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Orange County

Private Law Firms Come to D.A.'s Aid

To ease funding and staffing shortages, seven civil attorneys are deputized to prosecute misdemeanors. They will remain on their employers' payrolls.

June 21, 2003|Christine Hanley | Times Staff Writer

In partnership with private law firms, the Orange County district attorney's office on Friday deputized seven civil trial attorneys to help prosecute misdemeanors at no cost to taxpayers, a program aimed at easing the caseload amid the budget crunch.

The recruits were selected from five firms through a formal application process.

They will be assigned full time for two months to various branches of Orange County's Superior Court system and will be paid their regular salaries by their firms.

The lawyers have received a week of classroom training, including lessons in prosecutorial ethics and the differences between civil and criminal practices.

Four will begin working in the courts July 7.

One lawyer from the first rotation will join the remaining three during the second rotation that begins Sept. 7, said Deputy Dist. Atty. Dave Wagner, the office's training director.

Volunteer programs similar to the Trial Attorney Partnership have been used previously by the district attorney's office, but not in recent memory, Wagner said. The idea was resurrected mainly to deal with funding and staffing shortages, he said.

Earlier this month, the Orange County Board of Supervisors voted to boost the district attorney's budget by $5.7 million, an increase Dist. Atty. Tony Rackauckas said would prevent the layoffs of 42 employees, including 19 prosecutors.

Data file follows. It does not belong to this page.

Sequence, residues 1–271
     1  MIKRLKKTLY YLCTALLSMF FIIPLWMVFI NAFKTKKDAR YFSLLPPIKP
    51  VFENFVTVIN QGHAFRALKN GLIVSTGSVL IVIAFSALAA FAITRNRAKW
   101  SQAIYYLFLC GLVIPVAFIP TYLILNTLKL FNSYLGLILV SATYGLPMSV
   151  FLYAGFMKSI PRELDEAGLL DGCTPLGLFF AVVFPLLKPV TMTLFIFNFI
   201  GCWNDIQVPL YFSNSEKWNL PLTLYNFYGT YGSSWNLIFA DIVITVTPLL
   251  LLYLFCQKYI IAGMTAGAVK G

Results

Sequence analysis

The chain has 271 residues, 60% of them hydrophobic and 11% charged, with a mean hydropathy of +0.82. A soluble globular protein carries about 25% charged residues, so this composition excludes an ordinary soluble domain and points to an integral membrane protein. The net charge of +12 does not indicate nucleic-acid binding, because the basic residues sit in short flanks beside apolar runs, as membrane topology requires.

Wagner estimated that each of the county's five courts that handle misdemeanors are down one or two prosecutors.

"Because of the budget crisis we are asking more of these volunteers than we have in the past," giving them more filings to handle and a greater range of work, Wagner said.

After being sworn in Friday, the new deputies were eager to get to work.

Matt Lilly, 30, will be assigned to North Justice Center in Fullerton. He has worked about two years at the Irvine office of Gibson, Dunn & Crutcher, which has offices worldwide. Lilly said there are not many opportunities for new attorneys at large law firms to work in a courtroom setting.

"Here, it's a great experience," he said, adding that he has always had an interest in criminal trial work. "I believe in what they do. The opportunity came up, and it just made sense."

Chris Pitet, who has been at Gibson, Dunn for more than four years, agreed. The 33-year-old, who will be assigned to Harbor Justice Center in Newport Beach, said he is looking forward to the challenge of meeting a higher standard of proof.

"Prosecutors are required to prove their cases to a higher degree" than civil attorneys, Pitet said.

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